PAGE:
What Price Honor?
A CINS/OCCRP investigation reveals how taxpayer money from the Balkans is spent so that public institutions can “win” meaningless international awards
By Dragana Pećo and Dino Jahić (CINS, OCCRP)
The Belgrade Pharmacy representatives beam with pride as they pose for photographers holding a statuette, golden badge and plaque. They have just received a quality award for their company at a fancy ceremony in Madrid.
The event is frozen in time, the photos emblazoned in a special section on the pharmacy website, as an important symbol of international success.
But is it?
Many institutions and individuals in the Balkans like to show off international awards as proof of a great achievement or business accomplishment. In many cases, however, those awards are bogus, sold by unscrupulous organizations that prey on human vanity.
Center for Investigative Reporting of Serbia (CINS) and the Organized Crime and Corruption Reporting Project (OCCRP) found that awards mania has swept the region since 2000, with hundreds of “honors” doled out during that period. Yet CINS/OCCRP could find no evidence of competitions, judging, or even set criteria used to determine winners.
The pattern appears to be that anyone who pays enough money can win an award. Many winners come from the public sector, which means that money paid for awards came from budgets or ultimately from the pockets of taxpayers.
These awards do not come cheap.
In Serbia and Bosnia and Herzegovina, around 50 public institutions received these awards. Some paid for multiple awards at prices that ranged from € 2,000 to more than € 7,000 (US$ 2,500-9,300) per prize.
“Quality” and “prestige” prizes have gone to Balkan companies which later went into bankruptcy or faced investigation.
For example, the Serbian state-owned pharmaceutical company Galenika was honored in 2009, but later became the subject of an investigation and prosecution. Ten people including two company directors of Galenika were indicted in January 2014 on charges of fraud and embezzlement of more than € 75 million (around US$ 95 million).
In 2005, former Sarajevo Airport director Bakir Karahasanović and assistant director Elvedin Begić (who is also president of the BiH Football Association), received an award for the airport. In July 2014, the Sarajevo Canton Prosecutor’s Office launched an investigation against them for several charges related to their work at the airport, including abuse of office and making harmful contract for the company.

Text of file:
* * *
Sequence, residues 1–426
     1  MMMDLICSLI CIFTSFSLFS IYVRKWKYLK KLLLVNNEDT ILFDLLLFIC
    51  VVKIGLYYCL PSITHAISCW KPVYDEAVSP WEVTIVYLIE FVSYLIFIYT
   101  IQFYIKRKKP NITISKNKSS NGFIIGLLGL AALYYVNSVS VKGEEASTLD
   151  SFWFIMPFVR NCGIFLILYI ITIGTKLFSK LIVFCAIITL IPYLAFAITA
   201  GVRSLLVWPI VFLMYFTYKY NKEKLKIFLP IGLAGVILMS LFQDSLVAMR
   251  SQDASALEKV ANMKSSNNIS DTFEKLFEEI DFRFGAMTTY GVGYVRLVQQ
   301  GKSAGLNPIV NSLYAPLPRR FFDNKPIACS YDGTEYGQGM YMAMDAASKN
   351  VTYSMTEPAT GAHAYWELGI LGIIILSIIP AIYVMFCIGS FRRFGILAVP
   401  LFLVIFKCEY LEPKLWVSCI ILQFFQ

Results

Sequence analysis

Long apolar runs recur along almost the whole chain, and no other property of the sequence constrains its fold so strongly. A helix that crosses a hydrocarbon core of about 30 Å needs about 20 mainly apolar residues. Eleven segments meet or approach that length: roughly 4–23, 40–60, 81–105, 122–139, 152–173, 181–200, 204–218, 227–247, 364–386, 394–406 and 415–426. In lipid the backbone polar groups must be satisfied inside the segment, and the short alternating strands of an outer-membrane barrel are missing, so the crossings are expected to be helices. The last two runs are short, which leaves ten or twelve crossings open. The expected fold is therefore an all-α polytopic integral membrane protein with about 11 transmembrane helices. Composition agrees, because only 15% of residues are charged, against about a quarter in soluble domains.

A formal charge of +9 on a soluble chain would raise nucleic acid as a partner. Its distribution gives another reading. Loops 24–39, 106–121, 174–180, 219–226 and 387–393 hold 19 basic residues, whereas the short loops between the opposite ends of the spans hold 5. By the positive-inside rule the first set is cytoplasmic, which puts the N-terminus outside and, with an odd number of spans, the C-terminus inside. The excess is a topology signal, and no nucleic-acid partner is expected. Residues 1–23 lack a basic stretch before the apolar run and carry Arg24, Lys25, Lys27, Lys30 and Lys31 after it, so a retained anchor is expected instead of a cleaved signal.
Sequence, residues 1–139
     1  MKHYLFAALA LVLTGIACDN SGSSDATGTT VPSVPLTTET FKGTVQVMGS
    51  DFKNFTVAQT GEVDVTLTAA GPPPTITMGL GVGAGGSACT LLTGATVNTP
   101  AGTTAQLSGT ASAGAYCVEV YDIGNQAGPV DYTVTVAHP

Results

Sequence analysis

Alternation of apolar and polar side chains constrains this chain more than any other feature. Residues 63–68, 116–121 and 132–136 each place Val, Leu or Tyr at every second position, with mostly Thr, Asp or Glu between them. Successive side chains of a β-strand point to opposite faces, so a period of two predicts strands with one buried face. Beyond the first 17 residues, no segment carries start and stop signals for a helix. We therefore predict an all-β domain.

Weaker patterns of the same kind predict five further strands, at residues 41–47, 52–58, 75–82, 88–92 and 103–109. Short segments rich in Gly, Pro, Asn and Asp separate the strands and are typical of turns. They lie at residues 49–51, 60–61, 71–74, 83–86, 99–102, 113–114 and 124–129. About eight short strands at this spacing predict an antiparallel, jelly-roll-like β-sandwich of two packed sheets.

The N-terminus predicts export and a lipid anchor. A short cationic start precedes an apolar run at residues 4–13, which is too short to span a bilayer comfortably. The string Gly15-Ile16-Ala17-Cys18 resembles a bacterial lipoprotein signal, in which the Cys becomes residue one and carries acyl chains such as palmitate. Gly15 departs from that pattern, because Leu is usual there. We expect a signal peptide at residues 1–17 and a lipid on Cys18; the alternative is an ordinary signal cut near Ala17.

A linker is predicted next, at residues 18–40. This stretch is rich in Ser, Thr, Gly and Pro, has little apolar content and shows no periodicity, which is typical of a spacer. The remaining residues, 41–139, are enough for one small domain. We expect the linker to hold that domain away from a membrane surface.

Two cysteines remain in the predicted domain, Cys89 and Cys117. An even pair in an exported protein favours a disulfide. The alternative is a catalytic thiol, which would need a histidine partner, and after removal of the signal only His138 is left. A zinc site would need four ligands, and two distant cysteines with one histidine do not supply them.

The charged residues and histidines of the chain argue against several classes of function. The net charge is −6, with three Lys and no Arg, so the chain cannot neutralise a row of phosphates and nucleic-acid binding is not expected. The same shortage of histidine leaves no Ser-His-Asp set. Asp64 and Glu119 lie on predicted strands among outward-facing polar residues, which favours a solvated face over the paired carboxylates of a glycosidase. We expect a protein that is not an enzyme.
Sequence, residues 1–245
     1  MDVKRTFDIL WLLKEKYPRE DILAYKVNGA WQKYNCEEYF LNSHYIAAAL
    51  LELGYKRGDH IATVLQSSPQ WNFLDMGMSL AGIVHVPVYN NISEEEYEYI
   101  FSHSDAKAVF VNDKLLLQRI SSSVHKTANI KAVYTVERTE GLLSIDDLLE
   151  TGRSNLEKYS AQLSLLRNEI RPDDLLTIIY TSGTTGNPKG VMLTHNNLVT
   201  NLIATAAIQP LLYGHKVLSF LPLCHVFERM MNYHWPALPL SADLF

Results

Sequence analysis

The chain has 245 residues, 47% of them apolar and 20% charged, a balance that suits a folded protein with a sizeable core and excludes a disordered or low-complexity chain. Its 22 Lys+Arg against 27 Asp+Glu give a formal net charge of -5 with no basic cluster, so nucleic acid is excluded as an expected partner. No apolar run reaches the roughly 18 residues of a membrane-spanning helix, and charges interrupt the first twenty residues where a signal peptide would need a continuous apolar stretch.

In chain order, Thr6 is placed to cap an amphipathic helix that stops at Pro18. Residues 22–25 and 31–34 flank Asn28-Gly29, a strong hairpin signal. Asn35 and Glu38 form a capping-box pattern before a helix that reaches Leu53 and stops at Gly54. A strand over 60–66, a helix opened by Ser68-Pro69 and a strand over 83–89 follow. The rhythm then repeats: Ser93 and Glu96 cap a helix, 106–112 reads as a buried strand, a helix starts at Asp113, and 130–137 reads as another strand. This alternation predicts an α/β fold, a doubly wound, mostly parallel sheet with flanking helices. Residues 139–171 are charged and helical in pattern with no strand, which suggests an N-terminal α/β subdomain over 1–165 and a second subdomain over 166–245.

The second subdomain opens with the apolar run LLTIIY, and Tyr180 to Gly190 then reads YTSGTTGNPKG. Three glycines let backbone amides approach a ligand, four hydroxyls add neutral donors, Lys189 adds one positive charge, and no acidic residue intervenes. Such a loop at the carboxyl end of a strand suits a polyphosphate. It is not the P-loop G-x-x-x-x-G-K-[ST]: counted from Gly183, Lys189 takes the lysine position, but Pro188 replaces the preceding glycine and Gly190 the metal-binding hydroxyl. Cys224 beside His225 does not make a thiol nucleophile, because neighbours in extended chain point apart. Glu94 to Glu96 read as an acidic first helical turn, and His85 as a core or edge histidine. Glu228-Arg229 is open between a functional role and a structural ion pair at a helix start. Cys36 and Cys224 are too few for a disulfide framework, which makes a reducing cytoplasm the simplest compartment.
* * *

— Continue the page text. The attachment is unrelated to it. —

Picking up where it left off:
'Giving' Away Awards Turns Out To Be A Highly Profitable Business
The organizations that provide these awards are nearly always based in European Union countries and mostly market their awards to developing countries, including those in the Balkans. They operate in a similar manner, and don’t publish a lot of information about themselves. Even their websites don’t reveal such basic information as their whole history or previous winners. Some of them change websites frequently or open new ones.
After reading every month that different local companies received “prestigious” international awards, CINS/OCCRP reporters examined media archives for the past 15 years, and identified six of the prize organizations most active in the Balkans.
Reporters then sought documentation on the organizations and talked with their prizewinners. They have also contacted these organizations, but only two replied.
Otherways Management Association Club (OMAC), based near Paris, France, describes itself on its website as an association which links businesses. Its membership consists of its award winners who come from more than 80 countries.
Global Trade Leaders’ Club (GTLC) is based in Madrid, Spain, and presents itself as an association of leading businesses with 7,500 members from 95 countries. It says there is no financial contribution needed and the only requirement to join GTLC is to win one of its awards.
But, while memberships are free, the awards themselves require hefty payments. Both OMAC and GTLC hold ceremonies several times a year and give awards to dozens of institutions and companies annually. Each of these organizations awarded a prize to the state-run Belgrade Pharmacy, the largest chain of pharmacy stores in Serbia with 124 pharmacies in Belgrade.
The pharmacy received a GTLC award in 2009 for which it paid more than € 5,600 (US$ 8,200). The following year, it received another award from OMAC at a ceremony in Berlin, but this time the company Berlin-Chemie Belgrade office paid the costs.
The ceremony was attended by the Serbian ambassador, Ivo Visković. Representatives of BiH and Serbian embassies often attend the ceremonies and sometimes even hand out the awards, while ministries at home send out congratulatory press releases.
When CINS/OCCRP journalists interviewed the new director of the pharmacy, they noticed that a statuette, golden badge and plaque, received from two different organizations, are placed prominently in her office, although they were received before she took office.
Identical winners are not the only way in which GTLC and OMAC are connected.
Charbel S. Tabet founded OMAC 18 years ago and usually hands over the awards at this organization's ceremonies. However, CINS/OCCRP journalists found that in the past, through another organization he ownes – United PubliSalons International – Tabet worked as a GTLC consultant and was even named as a contact person for awardees on an invitation letter for a GTLC ceremony in March 2002.